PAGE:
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“Kerker effect in ultrahigh-field magnetic resonance imaging"

A team of physicists from our Lab, the Langevin Institute and the CEA NeuroSpin recently published in the prestigious Physics Review X their work on Metamaterials to improve the quality of ultra-high field magnetic resonance imaging (MRI 7T).

Novel metamaterial approach improves image quality of magnetic resonance imaging obtained with ultra-high magnetic field scanners. This approach helps to advance these cutting-edge equipment towards global clinical applications for faster and more precise medical imaging.

Since its discovery in the early 70’s, MRI scanners have become one of the most efficient diagnostic tools available for physicians. Also, over time, their magnetic field strength has been steadily increased to enhance the Signal to Noise Ratio yielding a radical improvement of spatial and temporal resolution as well as biological contrast. On the other hand, such a strategy induces an increasing working frequency of the radio-frequency (RF) excitation field. It becomes problematic as human body size becomes non negligible compared with the associated wavelength. This induces strong RF field inhomogeneities leading to major losses in contrast or shadowing on the images and strongly limits the clinical application of High-Field MRI scanners.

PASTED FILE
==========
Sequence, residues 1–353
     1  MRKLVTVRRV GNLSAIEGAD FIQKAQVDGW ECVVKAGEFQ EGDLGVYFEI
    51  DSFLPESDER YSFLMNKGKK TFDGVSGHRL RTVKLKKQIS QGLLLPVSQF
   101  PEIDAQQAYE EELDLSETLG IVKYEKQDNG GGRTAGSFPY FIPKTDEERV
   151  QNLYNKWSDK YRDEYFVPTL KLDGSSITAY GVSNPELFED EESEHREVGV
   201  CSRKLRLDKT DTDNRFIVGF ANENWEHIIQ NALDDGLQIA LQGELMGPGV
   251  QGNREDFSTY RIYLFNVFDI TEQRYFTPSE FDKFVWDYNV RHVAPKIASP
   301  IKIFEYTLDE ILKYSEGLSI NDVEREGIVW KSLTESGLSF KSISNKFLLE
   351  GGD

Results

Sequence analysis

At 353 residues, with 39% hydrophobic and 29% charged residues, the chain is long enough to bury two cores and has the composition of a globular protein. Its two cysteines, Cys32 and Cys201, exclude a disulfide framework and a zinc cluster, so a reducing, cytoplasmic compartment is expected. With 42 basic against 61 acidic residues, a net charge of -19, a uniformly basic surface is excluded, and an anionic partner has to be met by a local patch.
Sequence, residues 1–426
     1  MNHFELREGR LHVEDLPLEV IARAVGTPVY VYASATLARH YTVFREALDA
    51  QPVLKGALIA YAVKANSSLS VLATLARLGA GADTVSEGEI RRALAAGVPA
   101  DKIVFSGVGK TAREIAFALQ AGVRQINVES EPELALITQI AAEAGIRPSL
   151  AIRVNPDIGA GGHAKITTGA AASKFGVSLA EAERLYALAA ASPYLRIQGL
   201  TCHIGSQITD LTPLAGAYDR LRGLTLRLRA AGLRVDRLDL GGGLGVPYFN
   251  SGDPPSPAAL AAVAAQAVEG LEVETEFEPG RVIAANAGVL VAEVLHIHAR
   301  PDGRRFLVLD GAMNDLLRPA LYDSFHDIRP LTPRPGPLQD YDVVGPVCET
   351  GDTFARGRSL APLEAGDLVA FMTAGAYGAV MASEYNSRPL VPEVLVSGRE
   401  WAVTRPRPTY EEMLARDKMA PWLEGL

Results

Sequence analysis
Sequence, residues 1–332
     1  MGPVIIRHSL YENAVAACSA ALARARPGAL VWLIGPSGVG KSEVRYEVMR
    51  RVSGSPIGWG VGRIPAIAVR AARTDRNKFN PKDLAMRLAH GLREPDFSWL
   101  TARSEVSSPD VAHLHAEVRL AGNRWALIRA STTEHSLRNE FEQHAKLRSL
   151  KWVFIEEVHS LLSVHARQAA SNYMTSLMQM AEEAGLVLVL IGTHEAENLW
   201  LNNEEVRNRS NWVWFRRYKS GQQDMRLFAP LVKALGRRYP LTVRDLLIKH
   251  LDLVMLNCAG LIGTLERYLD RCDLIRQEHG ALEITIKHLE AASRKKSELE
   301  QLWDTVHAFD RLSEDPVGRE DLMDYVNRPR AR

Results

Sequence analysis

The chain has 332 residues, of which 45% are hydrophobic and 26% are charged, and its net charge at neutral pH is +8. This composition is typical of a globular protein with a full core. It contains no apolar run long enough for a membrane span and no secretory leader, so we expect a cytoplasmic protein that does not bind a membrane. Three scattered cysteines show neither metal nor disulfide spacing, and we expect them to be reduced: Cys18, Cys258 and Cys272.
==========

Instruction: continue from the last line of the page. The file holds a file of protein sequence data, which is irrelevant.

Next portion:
The M-Cube project breakthrough is based on electromagnetic metamaterials offering an unprecedented ability to tailor RF field inside MRI coils. The interaction of electromagnetic modes within the metamaterial enables the access to the so-called Kerker scattering conditions leading to either a 3-fold enhancement of the local RF field or to be used as a local RF shield in order to protect over exposed body areas

Reference : “Kerker effect in ultrahigh-field magnetic resonance imaging” ; Marc Dubois, Lisa Leroi, Zo Raolison, Redha Abdeddaim, Tryfon Antonakakis, Julien de Rosny, Alexandre Vignaud, Pierre Sabouroux, Elodie Georget, Benoit Larrat, Gérard Tayeb, Nicolas Bonod, Alexis Amadon, Franck Mauconduit, Cyril Poupon, Denis Le Bihan, and Stefan Enoch ; Phys. Rev. X

DOI : https://doi.org/10.1103/PhysRevX.8.031083

Labs concerned by this article :
- Institut Fresnel
- Institut Langevin
- CEA NeuroSpin
- Multiwave

Contact Researcher : Redha Abdeddaim, Stefan Enoch et Marc Dubois

This work is part of the H2020 FET-Open M-Cube project. It has received funding from the European Union’s Horizon 2020 Research and Innovation program under Grant Agreement No 736937